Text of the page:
Written By: Deanna Tran, PharmD, BCACP, Assistant Professor in PPS
As an assistant professor in the Department of Pharmacy Practice and Science (PPS) at the School of Pharmacy, I recently had an opportunity to participate in a faculty exchange program through the Pharmacy Practice Mariner Project. Named for NASA’s Mariner Program – which launched a series of robotic interplanetary probes to investigate Mars, Venus, and Mercury – the Pharmacy Practice Mariner Project engages early career clinical faculty in a personal exploration of academic roles, responsibilities, policies, and practices through a series of expeditions across a cohort of peer institutions.
Broadening My Horizons
When I first learned about the program, I knew it was an excellent opportunity to gain new insights into another institution’s teaching methods and curriculum – insights that I might be able to bring back to our pharmacy practice laboratory group, as well as the self-care and nonprescription pharmacotherapy course. After submitting my application, I was matched to travel to the University of Mississippi School of Pharmacy in June, where I was able to meet with faculty and leadership in the Department of Pharmacy Practice and learn more about how the school is preparing its student pharmacists to meet patients’ needs in today’s dynamic health care arena.
During my visit, I toured the school’s campus in Oxford, where first- and second-year student pharmacists take classes. I met with a number of faculty members, including those who taught in the skills lab and the over-the-counter course, as well as some who practiced in ambulatory care. I also visited the campus in Jackson, where third-year student pharmacists complete their didactic courses and rotations, and spoke with other faculty members, including Kim Adcock, PharmD, professor and director of faculty and academic affairs; Katie S. McClendon, PharmD, clinical associate professor and assistant dean for student services; and Meagan A. Brown, PharmD, clinical associate professor and coordinator for community pharmacy development.
Gaining a New Perspective
In my discussions with the faculty, I discovered that problem-based learning is a key teaching strategy for students in the third year of Mississippi’s Doctor of Pharmacy (PharmD) program. I truly enjoyed learning about this flipped-classroom teaching method, which centers on the learner in an effort to empower students to conduct research, integrate theory and practice, and apply knowledge and skills to develop solutions and recommendations for a specific problem or case. It was great to see how the faculty implemented this method in the classroom, and how it helps students become independent learners who utilize both critical thinking and communication skills to solve problems in the clinical setting.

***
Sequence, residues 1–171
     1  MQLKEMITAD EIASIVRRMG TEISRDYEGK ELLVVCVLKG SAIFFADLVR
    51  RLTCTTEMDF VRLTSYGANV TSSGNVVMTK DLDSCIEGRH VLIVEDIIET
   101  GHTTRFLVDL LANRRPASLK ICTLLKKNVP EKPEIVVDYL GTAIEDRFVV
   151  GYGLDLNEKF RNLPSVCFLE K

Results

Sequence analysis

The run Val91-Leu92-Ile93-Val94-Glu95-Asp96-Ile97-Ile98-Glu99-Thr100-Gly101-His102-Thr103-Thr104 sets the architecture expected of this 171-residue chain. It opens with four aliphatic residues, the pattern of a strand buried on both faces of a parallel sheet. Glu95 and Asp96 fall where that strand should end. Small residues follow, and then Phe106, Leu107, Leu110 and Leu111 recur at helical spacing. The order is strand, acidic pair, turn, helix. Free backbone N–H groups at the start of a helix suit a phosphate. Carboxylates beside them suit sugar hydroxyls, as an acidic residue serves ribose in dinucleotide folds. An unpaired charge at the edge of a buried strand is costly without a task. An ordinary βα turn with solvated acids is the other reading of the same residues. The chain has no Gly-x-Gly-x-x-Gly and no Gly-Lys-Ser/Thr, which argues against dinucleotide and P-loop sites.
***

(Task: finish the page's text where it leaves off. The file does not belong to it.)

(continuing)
My interactions with faculty provided me with a chance to bounce ideas off like-minded individuals, understanding that our institutions often encounter similar challenges in our efforts to advance both pharmacy education and the profession. I learned that faculty at the University of Mississippi School of Pharmacy are working to implement a new curriculum that has some similarities to our School’s curriculum. It is my hope that the experiences that I shared will help them as they move forward in that process. Before my visit concluded, I delivered a seminar titled “‘SPEC-tacular Change: Self-Care and Nonprescription Pharmacotherapy,” which highlighted the new self-care course now offered our students.
Although my trip was brief, the information that I learned will be invaluable in honing my teaching methods and advancing my professional growth. My sincere thanks to Jill A. Morgan, PharmD, BCPS, BCPPS, associate professor and chair of PPS, and the faculty at the University of Mississippi School of Pharmacy for allowing me the opportunity to visit, learn, and share experiences that I know will help shape our outlook as educators and practitioners in the future.